AUSTIN, Texas -- While many are worried about the opioid epidemic, Austin-Travis County EMS is concerned with Xanax usage among local teens.
Capt. Jason Beggs crunched the numbers to find out just how prevalent certain drugs are. The number of K2-related overdose calls wasn't surprising. From January 2015 to June 2017 there were 159 calls involving teenagers. During that same timeframe, EMS went on 140 Xanax-related overdose calls. The average age of the youths who overdosd was from 11 to 17. The youngest overdose involved a 1-year-old.
"It was surprising to find out we were 19 patients away from K2 to Xanax," Beggs said.
The generic term for the drug is Alprazolam. It's often used to treat anxiety and panic disorders. The drug can be addictive, but can also cause side effects like paranoia and suicidal thoughts.
"Peer pressure is a strong thing and this age group is more curious. They are looking for a euphoric effect and sometimes that's not the effect they end up getting," Beggs said.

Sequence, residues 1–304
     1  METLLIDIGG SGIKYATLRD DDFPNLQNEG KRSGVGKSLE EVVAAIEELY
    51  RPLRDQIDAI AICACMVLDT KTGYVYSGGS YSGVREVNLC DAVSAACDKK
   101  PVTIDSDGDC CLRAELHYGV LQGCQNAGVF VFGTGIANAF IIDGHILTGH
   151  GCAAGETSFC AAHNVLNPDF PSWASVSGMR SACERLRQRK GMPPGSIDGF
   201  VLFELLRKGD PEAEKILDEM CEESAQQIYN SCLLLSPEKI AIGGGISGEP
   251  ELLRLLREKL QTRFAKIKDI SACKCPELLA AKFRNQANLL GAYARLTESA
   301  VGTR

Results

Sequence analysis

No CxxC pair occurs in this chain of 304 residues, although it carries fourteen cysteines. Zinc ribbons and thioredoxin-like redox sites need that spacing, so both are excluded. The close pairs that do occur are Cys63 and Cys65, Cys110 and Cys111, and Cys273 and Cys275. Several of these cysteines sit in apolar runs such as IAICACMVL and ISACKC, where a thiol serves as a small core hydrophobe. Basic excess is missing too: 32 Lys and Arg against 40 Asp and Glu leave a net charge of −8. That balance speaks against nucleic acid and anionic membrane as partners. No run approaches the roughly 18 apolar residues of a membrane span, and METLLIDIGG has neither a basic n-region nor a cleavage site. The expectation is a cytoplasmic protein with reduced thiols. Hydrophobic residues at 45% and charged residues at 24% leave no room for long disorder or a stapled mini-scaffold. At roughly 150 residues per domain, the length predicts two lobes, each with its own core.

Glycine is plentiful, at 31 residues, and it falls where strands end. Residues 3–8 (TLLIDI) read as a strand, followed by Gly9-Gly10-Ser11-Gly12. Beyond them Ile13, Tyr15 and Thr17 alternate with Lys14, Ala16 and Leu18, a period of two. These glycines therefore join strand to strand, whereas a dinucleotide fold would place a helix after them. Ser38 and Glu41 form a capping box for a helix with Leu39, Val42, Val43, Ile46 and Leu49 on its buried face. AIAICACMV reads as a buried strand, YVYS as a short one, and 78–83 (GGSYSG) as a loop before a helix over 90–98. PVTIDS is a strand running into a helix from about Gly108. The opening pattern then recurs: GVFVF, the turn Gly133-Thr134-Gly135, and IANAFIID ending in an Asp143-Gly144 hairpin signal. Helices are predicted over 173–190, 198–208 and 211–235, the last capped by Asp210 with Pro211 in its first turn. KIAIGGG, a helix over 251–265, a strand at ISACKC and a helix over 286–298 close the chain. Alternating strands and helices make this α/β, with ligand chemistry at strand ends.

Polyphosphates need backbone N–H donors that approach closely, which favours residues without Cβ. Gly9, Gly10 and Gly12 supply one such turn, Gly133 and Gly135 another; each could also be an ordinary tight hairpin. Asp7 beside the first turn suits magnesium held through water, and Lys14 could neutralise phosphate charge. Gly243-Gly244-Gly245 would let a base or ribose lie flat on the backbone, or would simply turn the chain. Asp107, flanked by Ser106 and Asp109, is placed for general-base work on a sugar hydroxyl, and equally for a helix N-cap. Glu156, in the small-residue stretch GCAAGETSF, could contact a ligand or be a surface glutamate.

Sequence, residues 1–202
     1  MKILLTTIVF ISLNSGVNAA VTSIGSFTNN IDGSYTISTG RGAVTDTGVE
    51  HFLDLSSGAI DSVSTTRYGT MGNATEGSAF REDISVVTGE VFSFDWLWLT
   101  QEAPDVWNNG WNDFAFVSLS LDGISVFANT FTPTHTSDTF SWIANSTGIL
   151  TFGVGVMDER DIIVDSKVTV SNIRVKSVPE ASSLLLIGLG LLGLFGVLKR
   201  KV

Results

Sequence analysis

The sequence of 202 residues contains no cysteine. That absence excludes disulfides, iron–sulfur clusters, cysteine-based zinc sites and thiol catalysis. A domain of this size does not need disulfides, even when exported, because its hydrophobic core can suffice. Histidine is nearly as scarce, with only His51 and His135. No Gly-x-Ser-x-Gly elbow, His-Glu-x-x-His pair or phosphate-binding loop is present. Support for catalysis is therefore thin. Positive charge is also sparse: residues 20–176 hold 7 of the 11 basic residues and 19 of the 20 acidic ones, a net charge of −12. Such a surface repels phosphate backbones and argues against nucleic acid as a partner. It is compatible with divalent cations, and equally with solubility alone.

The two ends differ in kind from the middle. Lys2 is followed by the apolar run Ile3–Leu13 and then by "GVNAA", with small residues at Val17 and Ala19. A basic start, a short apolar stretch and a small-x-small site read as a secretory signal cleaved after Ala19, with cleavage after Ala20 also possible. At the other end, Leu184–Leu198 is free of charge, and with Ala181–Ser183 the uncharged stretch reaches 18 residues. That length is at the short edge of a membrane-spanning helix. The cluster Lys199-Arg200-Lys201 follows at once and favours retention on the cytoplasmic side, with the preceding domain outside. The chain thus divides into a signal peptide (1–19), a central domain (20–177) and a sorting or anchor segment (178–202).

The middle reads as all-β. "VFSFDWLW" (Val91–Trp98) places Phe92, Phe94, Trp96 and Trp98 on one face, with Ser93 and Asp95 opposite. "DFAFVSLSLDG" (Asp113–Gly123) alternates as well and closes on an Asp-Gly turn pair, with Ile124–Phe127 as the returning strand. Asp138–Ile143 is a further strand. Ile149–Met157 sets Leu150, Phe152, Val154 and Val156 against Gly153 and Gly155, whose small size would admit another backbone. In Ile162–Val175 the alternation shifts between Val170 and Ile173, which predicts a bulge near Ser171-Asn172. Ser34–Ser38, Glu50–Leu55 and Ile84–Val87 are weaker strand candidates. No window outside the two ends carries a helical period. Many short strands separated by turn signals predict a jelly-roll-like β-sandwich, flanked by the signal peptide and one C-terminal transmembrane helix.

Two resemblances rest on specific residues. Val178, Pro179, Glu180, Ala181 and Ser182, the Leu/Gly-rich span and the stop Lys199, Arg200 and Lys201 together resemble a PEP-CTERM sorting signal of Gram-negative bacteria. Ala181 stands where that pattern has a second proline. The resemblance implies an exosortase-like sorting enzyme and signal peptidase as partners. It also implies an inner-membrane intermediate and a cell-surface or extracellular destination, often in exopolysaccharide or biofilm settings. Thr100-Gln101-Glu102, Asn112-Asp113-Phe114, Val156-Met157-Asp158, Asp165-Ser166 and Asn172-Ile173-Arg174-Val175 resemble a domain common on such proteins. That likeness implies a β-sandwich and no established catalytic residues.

Dr. Sujit Iyer, assistant medical director at Dell Children's Hospital, said it's not uncommon for him to see a teen patient in his ER who has abused the drug.
"It's the most common medication prescribed in the United States now," Iyer said. "Children tend to abuse it because if they are feeling anxious or depressed. They will often use this medication much like people use alcohol - to make themselves feel better."
Iyer explained teens can abuse their own prescription, take pills from a parent, friend, or even find it on the internet. He said the best solution for parents is to talk it out with their kids and keep the medication hidden.
"Just an open conversation just as they would about alcohol, just like they would about using painkillers," said Iyer. "Xanax should not just be left around with easy access."
If your child has a prescription, Iyer recommends keeping the medication secure and only giving out the prescribed dosage. If you are a parent with a prescription, keep track of how much medication you have taken.